Heaven’s Gate cult HBO documentary examines ‘largest mass suicide in human history’

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HBO has released its four-part documentary examining the Heaven’s Gate cult which infamously committed one of the largest mass suicide in human history.

The new hit series includes new footage and first-person accounts from those who survived the devastation wrought by the UFO cult.

Getty Images – Getty

Cult leader Marshall Applewhite appears in a recruitment video[/caption]

The saga of the Star Trek-inspired Heaven’s Gate religious group started when Marshall Applewhite, a former music professor, befriended a nurse named Bonnie Nettles in 1972 while he was institutionalized at a psychiatric hospital.

Applewhite, the son of a nomadic Presbyterian minister, was born in a rural Texas town outside of Lubbock in 1931.

He later attended the Presbyterian-affiliated liberal arts university Austin College in Sherman, Texas – where he was active in student groups and considered moderately religious, according to his college roommate.

”He was religious, but he was not fanatically religious at all. He was an extrovert. He was popular. He was very smart. He was not pushy,” John Alexander told The New York Times.

Harlingen Police

Applewhite led the Heaven’s Gate cult, which committed one of the largest mass suicides in history in 1997[/caption]

Harlingen Police

Bonnie Nettles, a nurse from Texas, helped found the cult and form its theology inspired by alien lore[/caption]

Applewhite graduated from the school with a bachelor’s degree in philosophy in 1952 and married Ann Pearce.

The bourgeoning cult leader enrolled at the Union Theological Seminary of Virginia in Richmond in the hopes of becoming a Presbyterian minister.

However, Applewhite dropped out of seminary to take a position as a director of music at First Presbyterian Church in Gastonia, North Carolina which ended when he was drafted to serve in the U.S. Army in 1954.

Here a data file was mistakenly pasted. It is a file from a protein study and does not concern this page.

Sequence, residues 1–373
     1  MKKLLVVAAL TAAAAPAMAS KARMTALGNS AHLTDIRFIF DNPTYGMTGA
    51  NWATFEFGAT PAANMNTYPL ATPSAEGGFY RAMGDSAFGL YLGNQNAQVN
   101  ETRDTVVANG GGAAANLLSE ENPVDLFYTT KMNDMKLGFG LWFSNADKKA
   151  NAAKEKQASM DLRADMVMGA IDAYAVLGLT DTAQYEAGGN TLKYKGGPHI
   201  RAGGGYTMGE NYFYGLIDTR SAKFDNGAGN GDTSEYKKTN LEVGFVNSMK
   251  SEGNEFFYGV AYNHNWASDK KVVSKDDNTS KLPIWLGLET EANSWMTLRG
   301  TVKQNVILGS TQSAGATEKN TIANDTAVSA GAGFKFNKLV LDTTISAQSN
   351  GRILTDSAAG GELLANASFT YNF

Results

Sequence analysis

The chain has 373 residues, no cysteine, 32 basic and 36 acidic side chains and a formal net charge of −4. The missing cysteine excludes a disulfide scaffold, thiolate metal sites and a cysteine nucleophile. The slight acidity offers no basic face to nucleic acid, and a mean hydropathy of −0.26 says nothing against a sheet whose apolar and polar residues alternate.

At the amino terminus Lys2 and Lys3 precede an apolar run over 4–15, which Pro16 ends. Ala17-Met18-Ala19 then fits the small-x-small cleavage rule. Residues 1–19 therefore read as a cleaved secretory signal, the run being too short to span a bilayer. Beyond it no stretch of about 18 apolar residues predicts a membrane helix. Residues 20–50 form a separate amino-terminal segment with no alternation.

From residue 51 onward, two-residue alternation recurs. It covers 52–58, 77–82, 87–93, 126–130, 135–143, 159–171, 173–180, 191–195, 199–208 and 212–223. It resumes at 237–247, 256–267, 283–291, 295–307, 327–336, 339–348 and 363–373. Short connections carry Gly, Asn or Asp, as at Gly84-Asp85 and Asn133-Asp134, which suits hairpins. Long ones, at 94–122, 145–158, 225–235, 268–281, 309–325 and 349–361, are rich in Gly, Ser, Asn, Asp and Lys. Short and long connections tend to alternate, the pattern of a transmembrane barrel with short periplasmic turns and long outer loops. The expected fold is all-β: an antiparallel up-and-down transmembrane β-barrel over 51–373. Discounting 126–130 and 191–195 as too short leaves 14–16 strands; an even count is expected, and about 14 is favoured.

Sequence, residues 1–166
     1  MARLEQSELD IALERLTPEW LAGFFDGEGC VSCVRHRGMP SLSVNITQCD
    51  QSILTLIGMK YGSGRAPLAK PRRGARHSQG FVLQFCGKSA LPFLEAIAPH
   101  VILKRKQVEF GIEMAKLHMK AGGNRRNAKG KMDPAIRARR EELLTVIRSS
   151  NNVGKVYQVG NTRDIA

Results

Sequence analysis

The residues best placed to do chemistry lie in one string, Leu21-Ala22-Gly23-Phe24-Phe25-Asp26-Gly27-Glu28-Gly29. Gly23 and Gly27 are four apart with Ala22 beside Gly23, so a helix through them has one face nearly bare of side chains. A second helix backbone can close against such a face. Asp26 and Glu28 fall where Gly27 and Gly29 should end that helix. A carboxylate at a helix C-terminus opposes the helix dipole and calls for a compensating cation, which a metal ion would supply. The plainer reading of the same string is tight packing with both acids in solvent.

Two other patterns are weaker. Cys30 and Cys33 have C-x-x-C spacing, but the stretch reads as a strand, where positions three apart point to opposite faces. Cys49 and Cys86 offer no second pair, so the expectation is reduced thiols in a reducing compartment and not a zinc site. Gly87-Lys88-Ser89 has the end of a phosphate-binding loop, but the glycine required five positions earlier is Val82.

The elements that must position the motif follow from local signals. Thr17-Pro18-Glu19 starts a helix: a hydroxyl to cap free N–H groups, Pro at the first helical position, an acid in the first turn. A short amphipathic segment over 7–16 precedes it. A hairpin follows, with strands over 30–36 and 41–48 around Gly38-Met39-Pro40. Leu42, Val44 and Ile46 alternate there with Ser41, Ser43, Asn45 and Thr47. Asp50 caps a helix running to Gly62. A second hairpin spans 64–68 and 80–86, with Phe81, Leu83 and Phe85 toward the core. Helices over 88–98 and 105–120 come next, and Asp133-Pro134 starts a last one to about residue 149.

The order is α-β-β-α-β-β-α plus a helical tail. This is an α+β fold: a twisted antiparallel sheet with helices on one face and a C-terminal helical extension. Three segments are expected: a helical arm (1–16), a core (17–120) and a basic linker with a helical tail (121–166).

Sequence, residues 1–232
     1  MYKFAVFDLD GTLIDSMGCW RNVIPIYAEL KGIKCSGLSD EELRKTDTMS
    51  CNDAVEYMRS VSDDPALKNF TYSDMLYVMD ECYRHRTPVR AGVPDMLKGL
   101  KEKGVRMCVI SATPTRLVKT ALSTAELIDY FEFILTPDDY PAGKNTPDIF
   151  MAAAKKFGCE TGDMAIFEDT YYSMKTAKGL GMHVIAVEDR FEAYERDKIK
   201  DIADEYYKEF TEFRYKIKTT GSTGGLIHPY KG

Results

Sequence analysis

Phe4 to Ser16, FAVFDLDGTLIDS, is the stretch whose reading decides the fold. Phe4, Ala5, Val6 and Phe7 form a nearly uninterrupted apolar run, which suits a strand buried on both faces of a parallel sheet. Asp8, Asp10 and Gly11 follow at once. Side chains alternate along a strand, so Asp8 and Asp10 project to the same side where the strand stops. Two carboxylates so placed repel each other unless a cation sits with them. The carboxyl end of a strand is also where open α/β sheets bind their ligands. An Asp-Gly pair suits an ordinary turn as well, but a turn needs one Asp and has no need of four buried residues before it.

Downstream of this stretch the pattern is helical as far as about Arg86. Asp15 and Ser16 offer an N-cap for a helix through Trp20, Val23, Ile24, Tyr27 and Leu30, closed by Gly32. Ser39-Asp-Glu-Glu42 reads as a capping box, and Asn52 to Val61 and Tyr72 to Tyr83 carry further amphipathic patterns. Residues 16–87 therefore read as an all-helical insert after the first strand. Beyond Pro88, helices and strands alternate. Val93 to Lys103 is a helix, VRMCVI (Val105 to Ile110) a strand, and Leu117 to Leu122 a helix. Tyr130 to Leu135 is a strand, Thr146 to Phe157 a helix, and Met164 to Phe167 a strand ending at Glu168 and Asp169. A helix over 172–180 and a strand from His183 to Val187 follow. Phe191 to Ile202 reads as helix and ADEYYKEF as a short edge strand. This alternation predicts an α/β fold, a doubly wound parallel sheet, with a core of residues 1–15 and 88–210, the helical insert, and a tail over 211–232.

Applewhite left the military in 1956 and enrolled at the University of Colorado to study musical theater, earning a master’s degree in music.


In 1997, 39 members of the cult were found dead from suicide in a California home dubbed The Monastary[/caption]


The bodies were all dressed in black tunics and Nike sneakers and draped in purple cloth[/caption]

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Each of the victims had money in their pockets and bags packed in the hopes of boarding an alien spacecraft trailing the Hale-Bopp comet[/caption]


Each of the tunics had patches noting the ‘Heaven’s Gate Away Team’[/caption]

Frustrated with trying to start his music career in Colorado, Applewhite moved to New York City – but ultimately failed in getting his career to take off.

The cult leader then taught at the University of Alabama but was fired when it was revealed that Applewhite, a closeted gay man, was pursuing a sexual relationship with a male student, according to research by sociologists Robert Balch and David Taylor.

Sociologist Susan Raine later revealed that Applewhite and his wife, with whom he had two children, separated when she learned of his affair with the student in 1965, divorcing him three years later.